SINGAPORE - The pain of a child being separated from her mother by US border officials, the anger and passion behind the protests in Hong Kong, and the devastation caused by El Nino and climate change are among the stories told through images and videos at a photo exhibition organised by The Straits Times.
Called Through The Lens, it showcases more than 250 provocative and compelling images captured by local and international photojournalists in the past two years.
The display at the National Museum of Singapore opens on Saturday (Oct 5) and ends Oct 27. Admission is free.
The exhibition celebrates the best in news photography and comprises The Straits Times Photo Exhibition and the World Press Photo Exhibition.
The Straits Times Photo Exhibition will showcase 100 photos and 38 videos produced by ST's photojournalists and video team in 2018 and 2019.
These span seven categories: News, Features, Sports, World, Climate Change, Home in Focus and MyhomeSG.
One highlight is a picture of a protester smashing a glass panel at the Legislative Council building in Hong Kong on July 1, the 22nd anniversary of the city's handover to China.
The image was captured by ST photojournalist Lim Yaohui, who spent 17 days in Hong Kong in June and July covering the protests.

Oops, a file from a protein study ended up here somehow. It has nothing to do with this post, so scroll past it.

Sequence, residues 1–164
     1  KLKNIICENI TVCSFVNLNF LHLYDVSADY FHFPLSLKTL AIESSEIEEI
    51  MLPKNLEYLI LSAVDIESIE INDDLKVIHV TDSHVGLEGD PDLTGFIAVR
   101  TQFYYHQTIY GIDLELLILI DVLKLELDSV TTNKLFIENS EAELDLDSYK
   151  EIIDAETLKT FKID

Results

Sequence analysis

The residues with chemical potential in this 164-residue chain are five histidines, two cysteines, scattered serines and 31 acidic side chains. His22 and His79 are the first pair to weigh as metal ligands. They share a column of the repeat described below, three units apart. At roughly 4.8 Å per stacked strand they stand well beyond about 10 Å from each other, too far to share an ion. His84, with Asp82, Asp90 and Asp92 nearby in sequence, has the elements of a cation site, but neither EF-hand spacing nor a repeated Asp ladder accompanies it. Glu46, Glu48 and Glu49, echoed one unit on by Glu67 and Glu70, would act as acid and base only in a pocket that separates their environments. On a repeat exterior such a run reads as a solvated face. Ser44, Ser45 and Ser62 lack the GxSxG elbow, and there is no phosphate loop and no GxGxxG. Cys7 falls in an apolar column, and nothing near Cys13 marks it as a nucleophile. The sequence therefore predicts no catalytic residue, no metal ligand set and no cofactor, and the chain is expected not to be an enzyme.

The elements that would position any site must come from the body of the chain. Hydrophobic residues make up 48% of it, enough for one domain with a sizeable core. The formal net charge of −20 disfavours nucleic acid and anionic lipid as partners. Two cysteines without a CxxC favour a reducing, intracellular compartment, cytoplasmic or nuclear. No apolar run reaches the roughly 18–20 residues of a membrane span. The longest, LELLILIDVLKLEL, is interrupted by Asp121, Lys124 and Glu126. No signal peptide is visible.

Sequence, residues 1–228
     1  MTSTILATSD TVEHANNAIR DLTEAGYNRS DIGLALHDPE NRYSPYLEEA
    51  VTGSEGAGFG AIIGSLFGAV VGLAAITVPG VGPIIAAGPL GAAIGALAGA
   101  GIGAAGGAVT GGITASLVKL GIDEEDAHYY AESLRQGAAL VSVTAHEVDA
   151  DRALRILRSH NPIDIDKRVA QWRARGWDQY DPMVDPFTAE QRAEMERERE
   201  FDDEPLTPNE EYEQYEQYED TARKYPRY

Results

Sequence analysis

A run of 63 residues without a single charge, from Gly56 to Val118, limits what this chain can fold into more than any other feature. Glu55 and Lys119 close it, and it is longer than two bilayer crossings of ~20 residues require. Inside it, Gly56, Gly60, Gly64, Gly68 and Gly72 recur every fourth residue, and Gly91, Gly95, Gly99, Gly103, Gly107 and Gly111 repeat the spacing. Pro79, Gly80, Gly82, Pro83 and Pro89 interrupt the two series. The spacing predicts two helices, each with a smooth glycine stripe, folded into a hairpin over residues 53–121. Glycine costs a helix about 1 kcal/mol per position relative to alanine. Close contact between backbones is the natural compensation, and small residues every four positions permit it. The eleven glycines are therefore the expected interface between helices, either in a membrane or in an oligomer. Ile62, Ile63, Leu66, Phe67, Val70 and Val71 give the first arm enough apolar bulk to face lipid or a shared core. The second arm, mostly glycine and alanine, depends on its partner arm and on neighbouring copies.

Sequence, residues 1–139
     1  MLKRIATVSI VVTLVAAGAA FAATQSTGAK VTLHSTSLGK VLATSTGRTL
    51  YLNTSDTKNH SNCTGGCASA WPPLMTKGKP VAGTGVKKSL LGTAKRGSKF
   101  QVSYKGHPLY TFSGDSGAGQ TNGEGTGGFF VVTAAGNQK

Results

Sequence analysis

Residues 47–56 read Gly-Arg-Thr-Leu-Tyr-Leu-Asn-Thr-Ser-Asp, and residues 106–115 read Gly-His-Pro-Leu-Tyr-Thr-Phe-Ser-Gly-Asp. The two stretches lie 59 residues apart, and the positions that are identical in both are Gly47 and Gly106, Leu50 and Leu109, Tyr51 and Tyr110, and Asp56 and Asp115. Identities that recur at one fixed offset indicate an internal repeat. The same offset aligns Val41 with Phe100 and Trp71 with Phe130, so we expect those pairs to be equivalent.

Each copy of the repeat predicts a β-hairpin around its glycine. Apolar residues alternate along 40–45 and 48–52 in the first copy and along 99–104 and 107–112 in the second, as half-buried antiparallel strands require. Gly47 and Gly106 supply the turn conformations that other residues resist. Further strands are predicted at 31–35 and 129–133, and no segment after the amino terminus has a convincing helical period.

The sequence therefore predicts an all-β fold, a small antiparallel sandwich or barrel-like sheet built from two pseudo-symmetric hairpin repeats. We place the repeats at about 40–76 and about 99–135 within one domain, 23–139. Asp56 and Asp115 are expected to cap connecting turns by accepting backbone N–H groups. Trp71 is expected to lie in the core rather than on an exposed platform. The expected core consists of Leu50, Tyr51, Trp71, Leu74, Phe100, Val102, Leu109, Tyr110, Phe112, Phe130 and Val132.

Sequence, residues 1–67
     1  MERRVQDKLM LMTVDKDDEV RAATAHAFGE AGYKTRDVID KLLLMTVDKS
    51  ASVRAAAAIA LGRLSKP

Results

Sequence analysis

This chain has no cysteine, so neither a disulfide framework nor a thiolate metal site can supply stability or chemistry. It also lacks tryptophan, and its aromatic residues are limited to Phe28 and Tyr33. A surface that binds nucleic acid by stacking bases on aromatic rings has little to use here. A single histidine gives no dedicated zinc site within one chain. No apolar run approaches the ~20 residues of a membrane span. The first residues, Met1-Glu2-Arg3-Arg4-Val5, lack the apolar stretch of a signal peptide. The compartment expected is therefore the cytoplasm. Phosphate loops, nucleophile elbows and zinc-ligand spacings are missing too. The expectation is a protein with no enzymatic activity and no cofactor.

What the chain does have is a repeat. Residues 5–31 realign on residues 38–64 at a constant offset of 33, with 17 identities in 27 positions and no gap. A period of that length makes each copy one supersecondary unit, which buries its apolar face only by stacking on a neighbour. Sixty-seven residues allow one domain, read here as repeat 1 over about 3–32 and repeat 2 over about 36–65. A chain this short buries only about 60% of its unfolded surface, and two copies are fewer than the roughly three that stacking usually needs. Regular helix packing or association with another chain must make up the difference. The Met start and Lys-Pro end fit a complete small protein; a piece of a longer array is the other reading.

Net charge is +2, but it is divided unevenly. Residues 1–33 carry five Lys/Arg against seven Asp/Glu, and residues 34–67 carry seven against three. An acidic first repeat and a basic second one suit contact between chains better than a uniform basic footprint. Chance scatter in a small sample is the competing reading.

The World Press Photo Exhibition, which is in Singapore for the fifth year, features 157 prize-winning photos from the non-profit organisation's annual competition. This year's edition drew 78,801 entries from 4,738 photographers around the world.
The winning image shows Honduran toddler Yanela crying as she and her mother Sandra Sanchez are taken into custody by United States border officials in McAllen, Texas, on June 12 last year. The shot was taken by Getty Images senior staff photographer John Moore.
Speaking at the official opening of the exhibition on Friday, Minister for Communications and Information S. Iswaran said the exhibition is an opportunity to appreciate the art of photography and its power as a medium to tell stories.
"So whether it is the awesome power of nature, the pain of poverty or privation, the jubilation of victory in war or the agony and ecstasy that we see in sporting events, photos have a provocative way of capturing these moments in a manner that leaves these moments deeply inscribed in our memories," he said.
ST editor Warren Fernandez, who is also editor-in-chief of Singapore Press Holdings' English/Malay/Tamil Media Group, said: "Visual journalism is very much a part of our day-to-day work and the products that we are developing, and we've tried to bring this to life in the exhibition."
Members of the public will also be able to attend talks and panel discussions at the museum.
The talks include one on the Hong Kong protests by ST photojournalists Chong Jun Liang and Lim Yaohui and another on climate change by ST environment correspondent Audrey Tan and photojournalist Mark Cheong.
Those interested in the talks can go to http://str.sg/J4c9 to register.
Free guided tours will also be available every Saturday at 11am and 1pm. For more information, visit www.straitstimes.com/ttl2019